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THE MCLAUGHLIN GROUP


HOST: JOHN MCLAUGHLIN



YEAR-END AWARDS, PART TWO



JOINED BY: PATRICK BUCHANAN, ELEANOR CLIFT,


CLARENCE PAGE, AND LAWRENCE O'DONNELL



TAPED DECEMBER 9, 1998


AIRED THE WEEKEND OF JANUARY 1, 1999



.STX



 


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COPYRIGHT* 1998 BY FEDERAL NEWS SERVICE GROUP, INC., WASHINGTON, DC 20045, USA. NO PORTION OF THIS TRANSCRIPT MAY BE COPIED, SOLD, OR RETRANSMITTED WITHOUT THE WRITTEN AUTHORITY OF FEDERAL NEWS SERVICE GROUP, INC..



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ANNOUNCER: GE is proud to support the McLaughlin Group. From plastics to power generation, GE: We bring good things to life.



(Music: "Entry of the Gladiators.")



ANNOUNCER: It's the 17th annual McLaughlin Group Year-End Awards, 1998, part two.



Now here's the master of ceremonies, John McLaughlin.



MR. MCLAUGHLIN: The envelope, please, Clarence.



MR. PAGE: Yes. (Laughter.)



MR. MCLAUGHLIN: The envelope, please.



MR. PAGE: (Laughing.) Yeah.



MR. MCLAUGHLIN: You know, you're perfecting that handoff. (Laughter.)



MR. PAGE: I'm working on it. Thank you.



MR. MCLAUGHLIN: There's a big improvement over last week.



MR. BUCHANAN: He's with Pricewaterhouse.



MR. PAGE: Just like (Rita Hatcher ?), John. (Laughter.)



MR. MCLAUGHLIN: Let's see what we got here.



Destined for political stardom in '99, Pat Buchanan?



MR. BUCHANAN: Someone that's got the best shot at it is a fellow named J.C. Watts, who's a minority member, who is from Oklahoma, was a quarterback, has just joined the leadership of the Republican Party -- articulate, charismatic, Christian, conservative -- a real chance for stardom.



MR. MCLAUGHLIN: I think you're absolutely right, Pat.



Eleanor?



MS. CLIFT: Gray Davis, new governor of California, who, despite his name, will act with great color in fashioning a practical reform agenda for education and restoring California public schools to the prominence they had a generation ago.



MR. MCLAUGHLIN: I believe that, too.



MS. CLIFT: Okay.



MR. MCLAUGHLIN: Clarence?



MR. PAGE: This is my worst category, John; you know that. Year after year -- (laughter) -- I have predicted rising stars who have just plummeted, boom, over the brink into oblivion by Valentine's Day. (Laughter.)



MR. MCLAUGHLIN: Why, you put a hex on them --



MR. PAGE: I don't -- it wasn't intentional. (Laughter.)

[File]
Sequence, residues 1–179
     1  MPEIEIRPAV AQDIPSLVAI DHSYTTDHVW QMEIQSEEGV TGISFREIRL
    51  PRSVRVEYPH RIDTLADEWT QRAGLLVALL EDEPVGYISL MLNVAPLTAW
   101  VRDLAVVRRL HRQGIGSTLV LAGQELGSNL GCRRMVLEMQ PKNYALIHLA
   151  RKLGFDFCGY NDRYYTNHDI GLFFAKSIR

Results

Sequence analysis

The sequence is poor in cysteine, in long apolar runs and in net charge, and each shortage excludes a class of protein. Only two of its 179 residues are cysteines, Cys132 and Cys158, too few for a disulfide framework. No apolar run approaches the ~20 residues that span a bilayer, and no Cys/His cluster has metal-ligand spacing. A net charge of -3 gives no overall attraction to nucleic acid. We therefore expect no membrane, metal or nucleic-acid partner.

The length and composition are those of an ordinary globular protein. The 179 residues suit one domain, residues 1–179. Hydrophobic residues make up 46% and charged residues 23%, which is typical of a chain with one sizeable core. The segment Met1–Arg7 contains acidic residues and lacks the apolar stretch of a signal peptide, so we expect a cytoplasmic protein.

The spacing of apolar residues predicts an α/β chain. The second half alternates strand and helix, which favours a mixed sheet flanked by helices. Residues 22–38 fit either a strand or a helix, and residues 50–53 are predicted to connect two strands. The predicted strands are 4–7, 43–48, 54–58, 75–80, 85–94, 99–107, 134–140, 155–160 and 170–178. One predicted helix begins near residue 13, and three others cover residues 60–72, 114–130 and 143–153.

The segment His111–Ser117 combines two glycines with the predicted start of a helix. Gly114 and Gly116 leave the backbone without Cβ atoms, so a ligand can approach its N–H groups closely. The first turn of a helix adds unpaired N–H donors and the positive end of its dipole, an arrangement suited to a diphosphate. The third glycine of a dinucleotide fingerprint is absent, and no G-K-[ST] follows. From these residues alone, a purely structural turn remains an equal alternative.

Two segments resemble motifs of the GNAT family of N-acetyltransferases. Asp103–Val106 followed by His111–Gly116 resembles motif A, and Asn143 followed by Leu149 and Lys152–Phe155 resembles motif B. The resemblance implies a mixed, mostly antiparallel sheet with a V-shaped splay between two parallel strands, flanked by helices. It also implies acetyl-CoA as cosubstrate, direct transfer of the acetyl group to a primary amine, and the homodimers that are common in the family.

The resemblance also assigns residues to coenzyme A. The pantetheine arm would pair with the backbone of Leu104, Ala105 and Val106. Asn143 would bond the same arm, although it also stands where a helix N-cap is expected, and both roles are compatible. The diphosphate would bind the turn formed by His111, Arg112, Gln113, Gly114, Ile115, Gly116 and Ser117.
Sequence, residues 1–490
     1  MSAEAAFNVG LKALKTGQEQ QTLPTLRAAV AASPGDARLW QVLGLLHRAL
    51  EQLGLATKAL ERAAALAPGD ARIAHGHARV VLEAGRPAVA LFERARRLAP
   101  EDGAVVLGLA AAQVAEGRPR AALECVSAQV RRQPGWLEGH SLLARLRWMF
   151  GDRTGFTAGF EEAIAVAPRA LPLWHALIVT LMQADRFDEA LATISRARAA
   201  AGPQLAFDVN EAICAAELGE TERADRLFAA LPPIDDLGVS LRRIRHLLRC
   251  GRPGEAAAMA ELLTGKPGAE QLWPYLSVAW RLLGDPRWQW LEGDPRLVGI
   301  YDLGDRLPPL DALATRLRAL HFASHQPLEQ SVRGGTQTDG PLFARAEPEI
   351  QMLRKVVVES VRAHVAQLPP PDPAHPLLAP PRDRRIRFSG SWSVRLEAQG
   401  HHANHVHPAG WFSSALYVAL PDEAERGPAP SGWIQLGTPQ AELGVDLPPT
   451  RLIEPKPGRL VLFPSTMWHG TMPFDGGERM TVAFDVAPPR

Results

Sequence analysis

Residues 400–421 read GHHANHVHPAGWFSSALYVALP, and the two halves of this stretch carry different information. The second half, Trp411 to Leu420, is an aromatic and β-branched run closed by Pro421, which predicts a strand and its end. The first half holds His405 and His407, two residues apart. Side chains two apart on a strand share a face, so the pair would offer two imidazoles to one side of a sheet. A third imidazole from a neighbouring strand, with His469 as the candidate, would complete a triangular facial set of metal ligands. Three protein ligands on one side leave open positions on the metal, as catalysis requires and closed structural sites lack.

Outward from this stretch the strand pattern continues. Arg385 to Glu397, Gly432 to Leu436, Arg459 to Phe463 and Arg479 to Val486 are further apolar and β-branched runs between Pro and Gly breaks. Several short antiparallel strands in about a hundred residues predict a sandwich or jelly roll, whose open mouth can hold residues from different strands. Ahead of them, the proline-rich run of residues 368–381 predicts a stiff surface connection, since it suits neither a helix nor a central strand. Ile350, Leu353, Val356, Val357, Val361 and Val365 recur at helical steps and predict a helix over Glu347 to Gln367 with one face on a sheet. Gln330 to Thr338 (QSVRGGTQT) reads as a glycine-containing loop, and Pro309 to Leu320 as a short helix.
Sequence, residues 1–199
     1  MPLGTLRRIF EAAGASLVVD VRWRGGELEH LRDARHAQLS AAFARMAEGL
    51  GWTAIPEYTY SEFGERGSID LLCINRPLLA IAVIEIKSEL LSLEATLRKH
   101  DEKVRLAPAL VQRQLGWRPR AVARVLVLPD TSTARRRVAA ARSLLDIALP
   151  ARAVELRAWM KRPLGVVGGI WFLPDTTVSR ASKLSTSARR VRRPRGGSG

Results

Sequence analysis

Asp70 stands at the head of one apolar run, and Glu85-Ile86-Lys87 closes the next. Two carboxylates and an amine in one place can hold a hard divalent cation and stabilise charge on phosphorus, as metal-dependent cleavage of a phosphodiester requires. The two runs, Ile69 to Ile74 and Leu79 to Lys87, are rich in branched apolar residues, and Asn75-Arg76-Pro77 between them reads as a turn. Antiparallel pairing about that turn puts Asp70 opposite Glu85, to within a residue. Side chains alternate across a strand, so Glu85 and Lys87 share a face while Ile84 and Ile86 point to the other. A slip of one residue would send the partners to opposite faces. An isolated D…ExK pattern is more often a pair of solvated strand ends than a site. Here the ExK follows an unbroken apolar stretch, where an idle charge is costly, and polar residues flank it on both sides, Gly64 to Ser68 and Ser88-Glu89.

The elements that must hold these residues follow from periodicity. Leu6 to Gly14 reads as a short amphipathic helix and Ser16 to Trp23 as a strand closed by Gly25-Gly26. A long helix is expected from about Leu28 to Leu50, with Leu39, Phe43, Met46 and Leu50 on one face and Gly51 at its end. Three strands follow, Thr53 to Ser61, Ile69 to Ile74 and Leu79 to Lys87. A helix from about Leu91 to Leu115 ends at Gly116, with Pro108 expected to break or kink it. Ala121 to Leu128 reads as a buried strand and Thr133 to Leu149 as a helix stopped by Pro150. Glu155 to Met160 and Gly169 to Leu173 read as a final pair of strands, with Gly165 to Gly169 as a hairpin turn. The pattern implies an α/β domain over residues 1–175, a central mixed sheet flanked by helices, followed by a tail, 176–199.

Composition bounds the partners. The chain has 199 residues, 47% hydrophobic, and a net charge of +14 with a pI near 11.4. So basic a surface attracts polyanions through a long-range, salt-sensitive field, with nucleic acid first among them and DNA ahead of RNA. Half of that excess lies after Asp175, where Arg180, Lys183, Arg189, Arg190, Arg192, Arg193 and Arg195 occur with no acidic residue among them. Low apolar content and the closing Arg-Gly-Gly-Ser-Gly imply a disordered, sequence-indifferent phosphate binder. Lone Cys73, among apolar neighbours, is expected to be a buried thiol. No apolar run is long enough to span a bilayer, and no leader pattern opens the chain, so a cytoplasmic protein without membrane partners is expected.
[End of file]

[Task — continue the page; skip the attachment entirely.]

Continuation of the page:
(Laughing.) So I say with great trepidation that I agree; J.C. Watts is a rising star.



MR. MCLAUGHLIN: You like J.C. Watts?



MR. PAGE: I like J.C. Watts --



MR. BUCHANAN: Well, he's in trouble. He's in trouble there.



MR. PAGE: He's in trouble now!



MR. MCLAUGHLIN: Do you like his philosophy, Clarence?



MR. PAGE: I'm sorry?



MR. MCLAUGHLIN: You like his philosophy?



MR. PAGE: You know something, John? He's farther to the left than you think.



MR. MCLAUGHLIN: Really?



MR. PAGE: Yes. I'm not going to say he's to the left, but he's more progressive than you think.



MR. MCLAUGHLIN: Well, I hope he continues to disguise that. (Laughter.)



Lawrence?



MR. O'DONNELL: Well, J.C. Watts was my first choice, too, but let me add Rudy Giuliani, who as mayor of New York will be the kingmaker in the Republican presidential primary in New York state.



MR. MCLAUGHLIN: Well, don't forget George Pataki's out there, too.



MR. O'DONNELL: But Giuliani wins you the city.



MR. MCLAUGHLIN: Destined for political stardom in '99: Kathleen Kennedy Townsend, Democratic lieutenant governor of Maryland, a personable, progressive policy-maker; steady-as-you-go temperament, great vote-getter, daughter of Bobby and Ethel, bearer of the Kennedy magic name, Pat.



Destined for political oblivion, Patrick Buchanan?



MR. BUCHANAN: Boris Yeltsin, if he's not already there. He's down at about 2 percent approval rating in Russia. (Laughs.)



MR. MCLAUGHLIN: Eleanor?



MS. CLIFT: Dick Armey. He barely held on to his job. Who's even heard his name in the last several weeks? I think he's been totally overtaken in the Republican leadership.



 


MR. MCLAUGHLIN: Clarence Page?



MR. PAGE: Destined for oblivion, John, is one of my previous rising stars: Willie Brown of San Francisco. (Chuckles.)



MS. CLIFT: No!~ (Chuckles.)



MR. MCLAUGHLIN: Willie Brown has got problems, doesn't he?



MR. PAGE: He's got problems, but now that I've predicted his oblivion, he'll have a great comeback. I'm serious.



MR. MCLAUGHLIN: Lawrence O'Donnell?



MR. O'DONNELL: Here's one who has one foot in oblivion already: Newt Gingrich.



MR. MCLAUGHLIN: Destined for political oblivion in '99: Patricia Ireland and her organization, NOW, sleepwalking to its political grave because of double-standard obeisance to your favorite, Bill Clinton.



MS. CLIFT: Dream on, John! It won't happen. (Laughter.)



MR. MCLAUGHLIN: Best political theater, Pat?



MR. BUCHANAN: I think launching a 77-year-old man into space -- John Glenn going back, after 36 years, into space -- was the best political theater of the year.



MR. MCLAUGHLIN: Eleanor --



MR. O'DONNELL: That was science. That wasn't theater. (Laughter.)



MR. BUCHANAN: It was theater, too. (Laughter.) Yeah.



MS. CLIFT: I kind of liked Election Night 1998, when all the pundits were proven wrong and the Democrats confounded everybody and rewrote history, picking up seats in the House of Representatives -- first time since 1934 the president's party wins seats.



MR. MCLAUGHLIN: Clarence?



MR. PAGE: Well, unfortunately, I've got to agree with Pat again. (Laughter.)



MR. BUCHANAN: Okay.



MR. PAGE: I think -- I thought the Glenn space launch was great theater, but good theater. It was for a good purpose, but it certainly helped to build political support now for the International Space Station, a very worthy project.



MR. MCLAUGHLIN: Yeah. And Glenn looked like a cool dude --



MR. PAGE: He was all right.



MR. MCLAUGHLIN: -- like you, here on this set.